Kol Sasson V’Kol Simcha; Kol Chatan V’Kol Kallah—Voice of joy and Voice of happiness; Voice of the groom and voice of the bride. From the seventh and last of the brachot (blessings) recited under the Chupah at a Jewish wedding ceremony these words contain a message that the joy and happiness of the occasion all center on the bride and groom. Thus, it is their voices and the voice of the Rabbi who officiates to unite the couple in holiness that should be heard, forsaking all others.
The offending behaviors described in this article are not at all attributable to any wedding I’ve attended in Orange County or anyone affiliated with my synagogue or anyone for whom my husband was the m’sader kedushin who officiated at the ceremony. Instead, they derive from my long ago experiences at the weddings of relatives and friends in other communities.
It all began with the universal use of cell phones and people’s comfort with the technology. Not only were wedding guests just conversing with one another but with others who did not attend—all via cell phone. I recall one lady who narrated the processional like she was announcing the sixth race at Santa Anita: “The bridesmaids are in post positions. They’re off! And down the stretch they come! Royal blue silk is in the lead followed by sniffly BFF!” What? They’re all wearing royal blue silk? They’re all the bride’s BFF? At least they all think so? That’s why they’re sniffling? Okay, scratch that.”
Wedding pundits, using the now more sophisticated capabilities of smart phones, have become self-styled broadcasters of the entire event.
It’s not the punditry that rankles; rather, it’s the pervasive tendency among some people to move the focus of attention to themselves. The focus mover group includes the guests who won’t stop conversing during the ceremony and sharing smart phone photos of their kids, grandkids, and vacations, along with the ones whose loud expressions of laughter or crying serve to create a spectacle that the bride, groom, and other guests may remember along with hopefully better memories surrounding their own special day.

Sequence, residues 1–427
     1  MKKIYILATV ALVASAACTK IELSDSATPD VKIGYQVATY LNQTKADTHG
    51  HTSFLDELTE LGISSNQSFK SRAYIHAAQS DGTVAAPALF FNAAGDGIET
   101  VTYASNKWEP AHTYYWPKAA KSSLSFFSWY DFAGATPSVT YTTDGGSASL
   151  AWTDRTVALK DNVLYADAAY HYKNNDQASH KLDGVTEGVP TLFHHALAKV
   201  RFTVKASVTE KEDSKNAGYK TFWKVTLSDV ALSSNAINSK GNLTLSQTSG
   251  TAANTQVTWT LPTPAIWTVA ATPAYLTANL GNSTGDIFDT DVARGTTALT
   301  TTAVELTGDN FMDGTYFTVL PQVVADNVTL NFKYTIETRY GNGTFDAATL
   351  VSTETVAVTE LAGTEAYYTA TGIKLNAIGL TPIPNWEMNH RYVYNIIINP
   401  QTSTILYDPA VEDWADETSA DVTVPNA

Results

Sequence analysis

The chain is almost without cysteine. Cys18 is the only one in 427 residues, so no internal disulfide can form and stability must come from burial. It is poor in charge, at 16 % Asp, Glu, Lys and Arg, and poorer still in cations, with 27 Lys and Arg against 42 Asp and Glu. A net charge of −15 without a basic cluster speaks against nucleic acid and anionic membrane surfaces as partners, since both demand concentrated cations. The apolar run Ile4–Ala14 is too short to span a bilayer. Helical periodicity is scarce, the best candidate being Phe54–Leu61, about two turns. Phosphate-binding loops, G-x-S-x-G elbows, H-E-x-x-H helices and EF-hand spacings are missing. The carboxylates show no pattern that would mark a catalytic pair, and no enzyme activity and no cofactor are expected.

Their own day—It is and forever will be all about them—the bride and the groom. Except when the couple designates others to be the center of attention if only for part of the time.
Over the past ten or so years, I’ve observed that some creative brides and grooms prearranged or preauthorized members of their families and groups of friends to render limited entertainment during the processional and the recessional phases of the ceremony. That entertainment sometimes takes the form of a vocal or instrumental solo or choreographed walking or dancing up and down the aisle. Not really walking, more like sashaying to the music. That’s totally fine when it is clear that the bridal couple wanted the dancing wedding party and likely requested it of their buddies.
What is not fine is the spontaneous performer who is probably the same kid who intruded on his parents’ friends’ visits to their home by doing an unsolicited somersault on the living room carpet. “Hey—watch this! Now watch this again!”
Not part of the bridally assigned choreography, but a random aisle-walker who has to grab attention, this is the groom’s man who, uoon reaching the Chupah, strikes a Saturday Night Fever Disco pose with index finger pointed skyward. It is the two sisters of the bride who form an awkward ballet arabesque when they conclude their promenade up the aisle. Don’t call “America’s Got Talant.”
So, let it be all about the couple and only the couple—Kol Sasson v’kol simcha; kol chatan v’kol kallah. The voice of the groom and the voice of the bride, forevermore. Mazel tov!
ELLEN FISCHER IS A CONTRIBUTING WRITER TO JLIFE MAGAZINE.